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Wednesday, January 13, 2010

Innocent by Usefulness


Born in 1912, Wernher von Braun came from a conservative Junker family. As a student in Berlin, he fell in with a rather louche group of rocket enthusiasts. In the 1930s, patronage came from the army, which set up a special rocket base on the Baltic Sea, at Peenemünde, where von Braun worked from 1937 until 1945. It was there that he helped to build the A-4 (V-2) missile. Six thousand of these missiles were produced, and about 3,000 were launched against London and Antwerp in the last year of World War II. After the war, von Braun claimed that his main interest had been in space flight all along. His work for the German Army had been an unfortunate necessity because that was where resources could be obtained, and, besides, it was dangerous to resist the Nazi state. In fact, von Braun was very far from being an innocent visionary who took Nazi money in order to pursue his dream. He was a member of the Nazi Party and the SS, and he knew that he was developing weapons at Peenemünde and that the weapons were manufactured by slave labor. He had enough contact with Nazi leaders to understand quite clearly what kind of regime it was, and he helped to persuade Hitler to give top priority to the V-2. Von Braun escaped from justice and moral judgment with the help of the American authorities, who wanted to employ him in the missile and space programs.

6 comments:

  1. We have to live with the fact that Hitlers success was based more on consense than on fear and obedience. For quite a long time, maybe until 1941?

    Joachim Fest once wrote, if Hitler in the year 1939 had been assassinated, perhaps he would have been considered the fullfiller of german history.

    In the prussian culture obedience played a big role. Yet in the nobility, especially in the ancient families with a long tradition, this obedience to le Roi de la Prusse was not blind, implicated faith to ethic intrepidity and was potentially leading to disobedience. A great jewish observer, Valeriu Marcu, therefore propped great hope into what he called the "true Germany, which still has to move".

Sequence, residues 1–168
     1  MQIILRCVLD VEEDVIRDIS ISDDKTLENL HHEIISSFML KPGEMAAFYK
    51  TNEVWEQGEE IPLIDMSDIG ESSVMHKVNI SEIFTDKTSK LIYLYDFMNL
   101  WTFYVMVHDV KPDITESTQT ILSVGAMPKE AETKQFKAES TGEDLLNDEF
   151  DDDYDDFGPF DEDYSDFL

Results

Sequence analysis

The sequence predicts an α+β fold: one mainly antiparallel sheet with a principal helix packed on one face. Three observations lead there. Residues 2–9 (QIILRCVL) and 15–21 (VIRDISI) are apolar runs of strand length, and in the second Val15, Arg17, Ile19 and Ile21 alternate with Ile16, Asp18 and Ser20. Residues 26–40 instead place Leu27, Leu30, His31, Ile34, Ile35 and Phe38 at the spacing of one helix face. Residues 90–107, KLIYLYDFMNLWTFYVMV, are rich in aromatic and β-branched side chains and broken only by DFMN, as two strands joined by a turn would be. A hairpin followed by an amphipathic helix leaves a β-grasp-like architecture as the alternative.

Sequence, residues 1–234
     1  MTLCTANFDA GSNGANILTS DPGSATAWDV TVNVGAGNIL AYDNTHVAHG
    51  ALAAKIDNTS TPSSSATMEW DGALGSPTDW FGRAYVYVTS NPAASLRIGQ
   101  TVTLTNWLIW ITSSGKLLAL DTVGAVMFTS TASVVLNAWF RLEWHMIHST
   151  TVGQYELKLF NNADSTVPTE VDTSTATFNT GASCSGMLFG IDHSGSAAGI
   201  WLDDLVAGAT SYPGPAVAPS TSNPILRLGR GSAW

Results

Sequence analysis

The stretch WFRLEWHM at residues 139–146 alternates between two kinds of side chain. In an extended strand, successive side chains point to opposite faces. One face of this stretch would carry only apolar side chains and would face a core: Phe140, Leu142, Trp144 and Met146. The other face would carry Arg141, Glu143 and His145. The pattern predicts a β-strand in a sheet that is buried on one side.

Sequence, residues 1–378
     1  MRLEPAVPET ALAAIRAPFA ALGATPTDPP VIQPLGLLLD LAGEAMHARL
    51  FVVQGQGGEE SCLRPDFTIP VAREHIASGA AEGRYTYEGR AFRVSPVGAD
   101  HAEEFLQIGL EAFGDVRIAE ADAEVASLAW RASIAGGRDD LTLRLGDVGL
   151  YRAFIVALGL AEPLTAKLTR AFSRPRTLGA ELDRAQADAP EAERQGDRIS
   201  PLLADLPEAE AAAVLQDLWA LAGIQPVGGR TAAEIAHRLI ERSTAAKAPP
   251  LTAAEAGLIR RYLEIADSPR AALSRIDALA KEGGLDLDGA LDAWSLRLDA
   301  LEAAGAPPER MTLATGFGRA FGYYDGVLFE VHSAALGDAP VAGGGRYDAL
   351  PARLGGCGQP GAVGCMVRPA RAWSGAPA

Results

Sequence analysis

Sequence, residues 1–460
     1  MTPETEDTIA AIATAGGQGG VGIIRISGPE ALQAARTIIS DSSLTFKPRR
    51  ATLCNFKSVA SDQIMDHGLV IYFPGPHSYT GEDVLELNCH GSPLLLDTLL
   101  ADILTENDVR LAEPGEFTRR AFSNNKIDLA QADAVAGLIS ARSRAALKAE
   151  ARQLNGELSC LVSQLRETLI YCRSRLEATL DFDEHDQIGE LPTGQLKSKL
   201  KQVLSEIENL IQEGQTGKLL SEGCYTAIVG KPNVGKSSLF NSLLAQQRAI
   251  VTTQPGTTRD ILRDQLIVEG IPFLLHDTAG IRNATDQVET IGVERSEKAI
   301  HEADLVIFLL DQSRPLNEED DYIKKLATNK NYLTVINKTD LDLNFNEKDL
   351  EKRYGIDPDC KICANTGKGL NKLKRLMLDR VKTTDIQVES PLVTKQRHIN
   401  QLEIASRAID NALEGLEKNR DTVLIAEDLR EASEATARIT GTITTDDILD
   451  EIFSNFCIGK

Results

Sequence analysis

But there was no "true Germany" answering to Marcu's hope. At a certain point the situation had reached a degree of perversion... only very few persons had the courage and inner strength to resist. Especially some exponents of the churches (Bishop von Galen, Dietrich Bonhoeffer...), some exponents of the officer's caste around Stauffenberg and some "true prussians" like Ernst Niekisch and Henning von Tresckow. Henning von Tresckow organized for two times an attempt to kill Hitler. He acted even twice in this dangerous undertaking. Ernst Niekisch resisted from the beginning with unbelievable, stubborn courage, continuing to publish his "Der Widerstand" until he was imprisoned in a concentration camp. Sebastian Haffner called Niekisch - a coulourful and elusive personality - "the last great Prussian and Hitler's real antagonist".

    Wernher von Braun's opportunism ist starteling. Yes, Tom Lehrer's song is great.

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  2. What about Herbert von Karajan?

    He became member of the Nazi Party in may 1933.

    What about Karl Böhm?

    He was a member of the "Kampfbund für deutsche Kultur" which was a cultural association founded by Alfred Rosenberg, the chief ideologist of the Nazi movement.

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  3. @ epitimaios
    In “Die verdammte Pflicht” Alexander Stahlberg pictures the lameness of prussian families.

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  4. @cs

    Thank you very much. I will read it.

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  5. Please only thumb through this book! Most parts are full of vanity….

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  6. The fear to be considered conceited, futil, vain and egocentric was one of the reasons that kept coscientious prussians off from individual initiatives. Very strong feelings pushed to make a step in the right direction, very strong feelings in the same moment induced to make a step backwards.

    Stronger than this, was the fear of unpredictability. May be Stauffenberg's assassination attempt even went wrong BECAUSE of this (reasonable) fear. Noone could be sure that the chaos after Hitler's assassination would have been governable, everyone knew that staying in the center of the events was extremly dangerous.

    The major fear probably was the fear of a second, ultimate, definite "Versailles". This time GUILT was undeniable and enormous. It was realistic to argue "First we have to win the war. THEN we will kill Hitler. Otherwise we will have to accept a merciless peace."

    Every German should remember this reasonable fear. In order to appreciate how merciful the peace we got then was.

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